“The biggest factor will be the falling Canadian dollar,” explains Dr. Charlebois. “Given how many food products we import from abroad, our food economy is vulnerable to currency fluctuations.”

Other drivers that inform the report’s projections include La Nina weather patterns and the incoming Trump administration in the U.S. — which, while rife with uncertainty, suggests a forthcoming period of American protectionism that could initiate a “commodity super-cycle,” raising food prices for Canadians.

Previous editions of the report have generated significant national media attention, and this year’s is expected to be no different.

“We are dealing with a more engaged marketplace than ever before,” says Dr. Charlebois. “People want to engage with the food supply chain, and examining price is one to do it.

“And it’s also that the report is not just about price: it’s about the future of food. It’s about the quality of the food we eat, it’s about food cultures; it’s a multidimensional report around food.”

The report also considers possible trends in food and food policy for the year ahead. For 2017, its authors discuss celebration of Canadian food (in honour of Canada’s 150th), food science fears and food fraud awareness.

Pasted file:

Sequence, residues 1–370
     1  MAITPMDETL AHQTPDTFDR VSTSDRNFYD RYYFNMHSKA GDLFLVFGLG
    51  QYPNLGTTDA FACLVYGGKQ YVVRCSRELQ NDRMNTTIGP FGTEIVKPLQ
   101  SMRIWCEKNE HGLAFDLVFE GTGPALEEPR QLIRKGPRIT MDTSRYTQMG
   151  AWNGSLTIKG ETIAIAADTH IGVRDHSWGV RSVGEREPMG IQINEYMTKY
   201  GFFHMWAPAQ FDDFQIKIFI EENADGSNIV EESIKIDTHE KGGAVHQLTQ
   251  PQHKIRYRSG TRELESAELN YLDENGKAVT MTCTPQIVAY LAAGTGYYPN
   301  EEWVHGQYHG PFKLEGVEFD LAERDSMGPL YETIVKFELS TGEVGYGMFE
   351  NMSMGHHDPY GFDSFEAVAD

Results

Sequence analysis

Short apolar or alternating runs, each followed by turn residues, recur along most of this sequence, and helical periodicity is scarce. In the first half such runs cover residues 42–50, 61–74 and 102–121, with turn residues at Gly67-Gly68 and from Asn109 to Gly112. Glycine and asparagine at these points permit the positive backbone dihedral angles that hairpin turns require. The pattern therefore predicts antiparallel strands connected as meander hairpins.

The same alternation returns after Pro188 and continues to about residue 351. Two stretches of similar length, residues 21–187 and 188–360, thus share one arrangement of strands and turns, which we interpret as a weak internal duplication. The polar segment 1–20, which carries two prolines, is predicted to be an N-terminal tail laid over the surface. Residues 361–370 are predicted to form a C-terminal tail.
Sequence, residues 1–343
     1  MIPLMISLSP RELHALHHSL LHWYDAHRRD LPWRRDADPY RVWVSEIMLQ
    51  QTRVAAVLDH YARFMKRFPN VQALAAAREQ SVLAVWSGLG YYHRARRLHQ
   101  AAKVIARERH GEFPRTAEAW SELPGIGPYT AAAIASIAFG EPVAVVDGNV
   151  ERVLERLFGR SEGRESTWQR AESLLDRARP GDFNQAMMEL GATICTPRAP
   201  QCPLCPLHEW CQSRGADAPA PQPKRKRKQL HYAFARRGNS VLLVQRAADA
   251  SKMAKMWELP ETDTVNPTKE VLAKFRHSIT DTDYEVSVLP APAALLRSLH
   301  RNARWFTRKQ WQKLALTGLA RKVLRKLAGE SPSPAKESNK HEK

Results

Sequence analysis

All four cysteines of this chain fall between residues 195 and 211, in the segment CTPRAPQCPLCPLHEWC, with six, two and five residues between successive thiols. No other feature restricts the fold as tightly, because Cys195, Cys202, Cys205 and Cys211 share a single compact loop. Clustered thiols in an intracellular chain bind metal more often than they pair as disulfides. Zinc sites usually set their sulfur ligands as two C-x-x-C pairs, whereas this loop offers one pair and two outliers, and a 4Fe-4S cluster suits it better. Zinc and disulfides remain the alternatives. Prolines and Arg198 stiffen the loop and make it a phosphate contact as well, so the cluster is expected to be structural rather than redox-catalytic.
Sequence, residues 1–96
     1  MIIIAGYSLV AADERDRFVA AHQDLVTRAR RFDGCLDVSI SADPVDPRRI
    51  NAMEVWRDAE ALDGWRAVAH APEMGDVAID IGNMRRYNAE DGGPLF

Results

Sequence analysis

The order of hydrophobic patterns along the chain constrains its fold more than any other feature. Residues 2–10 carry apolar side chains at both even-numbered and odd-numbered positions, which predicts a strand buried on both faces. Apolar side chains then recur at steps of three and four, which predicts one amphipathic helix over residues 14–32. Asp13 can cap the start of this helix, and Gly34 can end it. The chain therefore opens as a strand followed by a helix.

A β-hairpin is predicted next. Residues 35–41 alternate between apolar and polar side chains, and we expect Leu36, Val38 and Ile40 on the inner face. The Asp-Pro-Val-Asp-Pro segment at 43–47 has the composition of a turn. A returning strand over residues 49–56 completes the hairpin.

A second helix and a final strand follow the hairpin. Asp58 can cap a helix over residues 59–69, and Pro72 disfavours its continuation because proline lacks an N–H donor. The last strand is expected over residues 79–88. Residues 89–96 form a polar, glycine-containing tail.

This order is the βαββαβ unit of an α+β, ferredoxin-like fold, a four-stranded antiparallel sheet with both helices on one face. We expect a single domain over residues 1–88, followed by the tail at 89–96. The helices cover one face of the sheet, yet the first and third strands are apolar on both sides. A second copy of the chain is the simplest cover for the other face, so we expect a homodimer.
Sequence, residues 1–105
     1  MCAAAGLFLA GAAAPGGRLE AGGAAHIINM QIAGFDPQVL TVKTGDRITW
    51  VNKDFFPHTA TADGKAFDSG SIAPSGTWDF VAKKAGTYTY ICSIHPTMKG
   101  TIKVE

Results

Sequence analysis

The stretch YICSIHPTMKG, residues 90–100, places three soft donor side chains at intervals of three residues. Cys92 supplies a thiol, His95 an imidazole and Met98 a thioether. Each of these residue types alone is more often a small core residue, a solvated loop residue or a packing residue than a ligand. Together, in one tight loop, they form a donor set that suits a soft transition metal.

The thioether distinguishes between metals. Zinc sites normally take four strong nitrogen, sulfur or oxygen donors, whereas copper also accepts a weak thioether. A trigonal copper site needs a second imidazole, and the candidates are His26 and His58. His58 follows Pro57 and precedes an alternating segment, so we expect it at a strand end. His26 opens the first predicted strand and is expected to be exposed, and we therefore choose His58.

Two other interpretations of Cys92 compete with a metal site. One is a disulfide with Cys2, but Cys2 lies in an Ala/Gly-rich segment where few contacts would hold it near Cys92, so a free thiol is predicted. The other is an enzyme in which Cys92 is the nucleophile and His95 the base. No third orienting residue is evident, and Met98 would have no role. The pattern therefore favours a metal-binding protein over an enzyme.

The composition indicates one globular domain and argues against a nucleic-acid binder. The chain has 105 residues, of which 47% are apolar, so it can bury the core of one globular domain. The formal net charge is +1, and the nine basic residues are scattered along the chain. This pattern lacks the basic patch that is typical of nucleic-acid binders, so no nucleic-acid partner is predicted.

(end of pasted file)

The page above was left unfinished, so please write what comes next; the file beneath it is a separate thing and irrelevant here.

Read the full report: Canada's Food Price Report 2017

Built on Dal data science

One reason Dr. Charlebois was keen to bring the report with him to Dalhousie when he arrived as dean earlier this year was the opportunity to work with the university’s data scientists.

“I knew we’d have access to different kinds of expertise, and Dalhousie is one of the stronger schools in the country around data analytics and predictive analytics, if not the strongest,” he says.

This year’s report is the first to use a machine learning model to shape its forecast — a combination of algorithms built on more than 20 independent statistical variables like household income, fuel prices, global agricultural production and more. The model was built by researchers in Dal’s Faculty of Computer Science, led by Master’s of Electronic Commerce student Jabez (Jay) Harris together with Professor Vlado Keselj and PhD student Colin Conrad.